More companies than ever are supplying data about their carbon footprint ahead of key meetings this week at the United Nations and the G20, a global group that tracks emissions from major corporations has announced.
It’s an example of how the stars from the corporate and public-policy universe are aligning on climate change for the G20 summit and the major meeting at the United Nations this week.
While no major breakthroughs are expected, some of the framework for climate-change measures will be laid out before the global talks in Copenhagen later this year, with world leaders addressing the expiration of the historic Kyoto Protocol next year.
The Carbon Disclosure Project, the nonprofit entity, said the response rate from its Global 500, the largest companies in the FTSE Global Equity Index, rose to 82 percent this year from 77 percent last year.
The United States, Japan, Germany, the United Kingdom and France accounted for 70 percent of both respondents and emissions disclosed.
The number of Asian firms responding increased to 71 from 51, while the BRIC country response (Brazil, Russia, India and China) doubled from to 44 percent from 22 percent.
Among other findings in the study: 51 percent of the Global 500 companies report emission-reduction targets, up from 41 percent in 2008. The number of nonrespondents fell to fewer than 100 for the first time.
“These figures suggest that, despite the recession, companies are taking climate change seriously,” said Steve Milunovich, Bank of America Merrill Lynch alternative-energy strategist and analyst. “Key areas of disclosure include emissions, reduction targets, forecasts, emission verification and annual reporting.”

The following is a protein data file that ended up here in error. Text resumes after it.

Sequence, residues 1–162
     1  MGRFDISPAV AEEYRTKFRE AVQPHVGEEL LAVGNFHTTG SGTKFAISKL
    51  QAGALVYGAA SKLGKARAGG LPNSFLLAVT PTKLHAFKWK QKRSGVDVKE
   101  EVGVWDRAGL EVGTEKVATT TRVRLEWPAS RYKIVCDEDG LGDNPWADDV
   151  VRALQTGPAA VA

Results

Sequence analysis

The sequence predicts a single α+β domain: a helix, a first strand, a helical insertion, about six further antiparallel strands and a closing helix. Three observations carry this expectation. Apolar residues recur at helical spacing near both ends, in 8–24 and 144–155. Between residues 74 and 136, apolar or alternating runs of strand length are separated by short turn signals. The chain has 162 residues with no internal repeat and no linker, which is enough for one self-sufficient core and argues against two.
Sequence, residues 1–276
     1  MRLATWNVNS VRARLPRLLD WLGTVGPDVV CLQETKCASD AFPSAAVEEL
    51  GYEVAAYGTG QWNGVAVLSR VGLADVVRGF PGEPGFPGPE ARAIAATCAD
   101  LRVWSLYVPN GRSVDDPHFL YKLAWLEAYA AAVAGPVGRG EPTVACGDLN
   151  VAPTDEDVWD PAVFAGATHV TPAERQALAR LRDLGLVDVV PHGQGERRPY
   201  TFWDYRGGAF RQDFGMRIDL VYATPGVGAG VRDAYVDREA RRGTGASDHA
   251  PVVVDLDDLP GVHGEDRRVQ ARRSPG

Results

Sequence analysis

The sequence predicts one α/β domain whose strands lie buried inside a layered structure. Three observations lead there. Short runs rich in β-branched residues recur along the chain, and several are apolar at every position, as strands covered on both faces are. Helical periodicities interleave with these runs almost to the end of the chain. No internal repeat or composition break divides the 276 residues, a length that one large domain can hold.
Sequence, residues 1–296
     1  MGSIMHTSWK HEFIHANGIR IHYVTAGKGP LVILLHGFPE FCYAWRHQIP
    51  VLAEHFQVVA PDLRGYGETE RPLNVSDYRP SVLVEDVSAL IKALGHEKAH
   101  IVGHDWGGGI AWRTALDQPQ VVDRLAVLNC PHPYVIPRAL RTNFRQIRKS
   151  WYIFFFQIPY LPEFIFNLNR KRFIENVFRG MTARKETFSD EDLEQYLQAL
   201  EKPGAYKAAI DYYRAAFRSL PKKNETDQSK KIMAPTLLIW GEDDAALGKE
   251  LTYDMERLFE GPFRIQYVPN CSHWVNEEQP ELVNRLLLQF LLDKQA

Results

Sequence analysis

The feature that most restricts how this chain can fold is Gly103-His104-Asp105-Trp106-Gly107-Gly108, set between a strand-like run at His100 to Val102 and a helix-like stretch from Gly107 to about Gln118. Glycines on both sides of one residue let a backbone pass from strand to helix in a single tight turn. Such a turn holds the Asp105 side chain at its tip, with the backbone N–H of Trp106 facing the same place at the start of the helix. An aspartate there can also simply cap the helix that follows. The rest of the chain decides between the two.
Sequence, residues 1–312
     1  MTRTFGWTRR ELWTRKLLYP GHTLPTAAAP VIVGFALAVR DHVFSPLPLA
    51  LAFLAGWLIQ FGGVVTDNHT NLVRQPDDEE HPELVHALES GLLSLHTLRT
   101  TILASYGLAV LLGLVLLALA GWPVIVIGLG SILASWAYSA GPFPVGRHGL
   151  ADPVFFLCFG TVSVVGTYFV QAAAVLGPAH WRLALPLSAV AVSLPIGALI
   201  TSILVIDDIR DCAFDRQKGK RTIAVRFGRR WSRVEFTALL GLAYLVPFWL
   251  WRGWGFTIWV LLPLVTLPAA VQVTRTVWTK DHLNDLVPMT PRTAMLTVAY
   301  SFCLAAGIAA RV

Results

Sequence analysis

On the U.N. front, climate chief Yvo De Boer said he expected Chinese President Hu Jintao to announce a series of measures to establish the country as a world leader in climate change, according to reports.
Allianz SE, Consolidated Edison Inc., EMC Corp., Reckitt Benckiser and Siemens AG along with BASF, Boeing Co. and Cisco Systems Inc. were among the global corporations leading efforts to tackle climate change, according to this year’s Global 500 Report.
The companies topping the list on carbon disclosure in 2009 include Bayer, BASF, HSBC Holdings, Wal-Mart Stores Inc. and Chevron Corp.
Founded in 2000, the Carbon Disclosure Project represents some 475 global institutional investors, with more than $55 trillion in assets under management.
CDP collects key climate-change data from some 2,500 corporations around the globe, and has assembled the largest corporate-emissions database in the world. It also works with multinational organizations to facilitate the collection of climate-change data.
(c) 2009, MarketWatch.com Inc. Source: McClatchy-Tribune Information Services.